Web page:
You’ve seen the women’s protests, you’ve been told how men unfairly discriminate against women and you’ve definitely heard something about women making “77 cents to men’s dollar,” even though you’re still not really sure what that means.
Determining the truth behind the gap is a nuanced issue, so let’s unpack some of the statistics and terminology surrounding the pay gap between men and women, and investigate whether such a gap exists at Purdue.
The original “77 cents to the dollar” figure came from the 2010 Income, Poverty, and Health Insurance Coverage in the United States report, prepared by the federal government. According to the document, the “female-to-male earnings ratio” was about 77-to-100 in 2010.
Now, what that number doesn’t convey is the sample size of the report — that statistic is technically just the “median earnings of total workers and full-time, year-round workers.” The number doesn’t account for differences between job requirements, employees’ skills, career differences, number of vacation days taken or any of the dozens of ways any individual employee differs from another.
This gap is classified as an “organization-wide” gender pay gap by the Workplace Gender Equality Agency, an Australian government agency, which basically means that a gap exists across an entire company, group or otherwise diversely populated number of people, not taking into account the differences between individual careers.
As each person’s career and job specifications are not taken into account, the gap appears much wider than it actually is.
This can be explained by the fact that many low-paying jobs are populated by women, where the opposite is true for men. According to the National Center for Education Statistics, a federal agency, about “76 percent of public school teachers were female,” whereas “64.4 percent of physicians and surgeons are male,” as reported by Data USA, a data collection service. As women take jobs that pay less, naturally they on average make less money than men due to the differences in careers.
Further, there tend to be fewer women than men in high-paying administrative roles. That may be due to any number of factors, voluntary or not, but the statistics don’t lie. Out of the top 10 highest-paid employees at Purdue, only one is a woman, Sharon Versyp, the women’s head basketball coach.
To combat this, another kind of gender gap, classified as “like-for-like,” makes the more logical claim that there remains a gap between individuals in comparable jobs, not just across the board.
There’s considerably less data to help investigate this type of gap, as instead of having the demographics of an entire country’s employees, one must compare the median salaries between individuals with the same job.
Before the argument continues, a statistical sidebar: It should be noted that the median salary, not the average, is the best way to compare salaries against one another. This is true because salary distributions can become heavily skewed by a few outliers — if Bill Gates walked into a small classroom of students, the “average” person in the room would be a millionaire due to how one outlier drastically alters the data.
When comparing median salaries to find the actual pay gap between genders, it is even more important to take note of the nuanced differences between individuals. What kind of degree a person earned, how many years of experience an employee has, inherent biases of employers, how long a certain worker has been at a particular company and many more details can cause differences in salaries. One might expect starting salaries from the same company for the same position to be near-identical, but even those can differ as candidates negotiate salaries for different amounts, making like-for-like comparisons extremely hard to do.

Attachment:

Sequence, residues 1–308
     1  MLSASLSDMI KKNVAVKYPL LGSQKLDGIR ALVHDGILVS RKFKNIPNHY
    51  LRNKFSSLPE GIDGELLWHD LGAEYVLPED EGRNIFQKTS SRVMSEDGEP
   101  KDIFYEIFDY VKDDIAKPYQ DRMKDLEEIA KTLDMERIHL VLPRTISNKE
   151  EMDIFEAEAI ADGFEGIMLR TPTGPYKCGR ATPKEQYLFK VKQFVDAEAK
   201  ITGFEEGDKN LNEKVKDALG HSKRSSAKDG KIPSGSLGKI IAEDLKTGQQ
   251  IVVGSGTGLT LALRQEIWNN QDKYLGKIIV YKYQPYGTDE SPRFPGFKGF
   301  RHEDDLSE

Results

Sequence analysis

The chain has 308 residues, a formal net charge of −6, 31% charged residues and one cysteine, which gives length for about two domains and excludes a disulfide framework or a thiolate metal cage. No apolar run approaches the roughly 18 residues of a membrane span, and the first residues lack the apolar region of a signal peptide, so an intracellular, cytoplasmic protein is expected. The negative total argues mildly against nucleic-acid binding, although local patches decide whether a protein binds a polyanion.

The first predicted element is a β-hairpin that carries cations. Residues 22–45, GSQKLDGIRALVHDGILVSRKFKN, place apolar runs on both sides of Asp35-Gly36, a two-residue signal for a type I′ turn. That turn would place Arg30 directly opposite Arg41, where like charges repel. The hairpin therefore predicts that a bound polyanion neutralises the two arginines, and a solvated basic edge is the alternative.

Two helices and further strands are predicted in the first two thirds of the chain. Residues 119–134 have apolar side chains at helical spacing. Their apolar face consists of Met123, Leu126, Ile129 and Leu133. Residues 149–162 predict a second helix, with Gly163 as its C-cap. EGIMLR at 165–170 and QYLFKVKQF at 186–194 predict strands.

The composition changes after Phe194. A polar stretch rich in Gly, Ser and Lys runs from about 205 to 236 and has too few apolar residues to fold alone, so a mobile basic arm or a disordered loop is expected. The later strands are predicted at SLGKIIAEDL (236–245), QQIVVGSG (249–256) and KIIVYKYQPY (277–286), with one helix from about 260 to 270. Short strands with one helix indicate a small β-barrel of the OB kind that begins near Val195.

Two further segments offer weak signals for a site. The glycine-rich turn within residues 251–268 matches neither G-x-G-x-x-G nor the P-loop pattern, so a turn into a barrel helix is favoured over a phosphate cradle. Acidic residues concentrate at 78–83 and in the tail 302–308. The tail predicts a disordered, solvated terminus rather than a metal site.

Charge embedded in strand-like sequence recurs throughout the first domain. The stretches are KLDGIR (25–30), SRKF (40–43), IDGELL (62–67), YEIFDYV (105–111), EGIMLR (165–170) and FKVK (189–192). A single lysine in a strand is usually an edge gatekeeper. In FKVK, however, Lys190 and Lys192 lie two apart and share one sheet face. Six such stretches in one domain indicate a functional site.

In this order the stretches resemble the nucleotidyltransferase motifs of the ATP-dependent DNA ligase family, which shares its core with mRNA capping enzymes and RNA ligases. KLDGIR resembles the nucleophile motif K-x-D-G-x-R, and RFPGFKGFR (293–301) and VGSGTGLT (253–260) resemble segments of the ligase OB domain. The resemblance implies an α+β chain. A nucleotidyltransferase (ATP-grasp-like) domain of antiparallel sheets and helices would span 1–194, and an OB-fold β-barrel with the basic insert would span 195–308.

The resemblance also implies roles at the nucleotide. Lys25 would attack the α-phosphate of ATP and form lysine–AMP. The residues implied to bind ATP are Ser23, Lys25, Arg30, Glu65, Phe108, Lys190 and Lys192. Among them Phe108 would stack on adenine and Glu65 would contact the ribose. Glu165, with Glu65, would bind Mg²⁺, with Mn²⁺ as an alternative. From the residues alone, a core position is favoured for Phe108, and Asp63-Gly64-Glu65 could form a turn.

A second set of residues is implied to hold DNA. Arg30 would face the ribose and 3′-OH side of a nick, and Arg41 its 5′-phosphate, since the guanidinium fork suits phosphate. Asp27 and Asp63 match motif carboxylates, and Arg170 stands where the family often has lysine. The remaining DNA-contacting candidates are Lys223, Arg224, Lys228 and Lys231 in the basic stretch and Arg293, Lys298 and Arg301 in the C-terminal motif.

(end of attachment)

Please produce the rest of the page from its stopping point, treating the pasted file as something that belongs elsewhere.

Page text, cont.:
While all employees are included in the salary guide, it’s nigh on impossible to separate the list into male and female workers, as Purdue paid over 16,000 people in 2017. To determine the proportion of male-to-female earnings would take a ridiculous amount of time. Further, it would be even more difficult to find out which people were paid for their salary and which were reimbursed for reasons other than employment.
One rather work-around way of analyzing the data would be to research the most common baby names of 1975, a year that many employees were probably born in, search the top three names of each gender in the salary guide, take the median salary of each name and compare. This method, however, doesn’t return any meaningful data, as using the most popular baby names in 1975 ignores a lot of important details, and no sample size less than 10 could possibly encompass enough data to produce a statistically significant trend.
Ultimately, those who argue about the gender gap face a defining choice that they must answer before trying to convince anyone else of their stance.
If one wants equal pay for equal work, the most common desire for the critics of the pay gap, then examining the like-for-like differences is vital. In this case the demographics of any certain career field must be ignored to focus on the individual and how they stack up to others of the opposite gender with nearly identical backgrounds, experiences and negotiating strategies.
On the other hand, if one wants the organizational gap to shrink, then they must work to get women in higher-paying jobs, especially in administrative roles. These people must look past the individual and concentrate on the overall demographic of any specific area to discover why women don’t take jobs or are passed over when it comes to hiring for higher-paid managerial positions.
Whichever choice one makes, it’s important to consider that the gender gap is much more than simply 77 cents on the dollar and actually involves impossibly large data sets that must be analyzed to provide a true understanding of a gap that may or may not exist.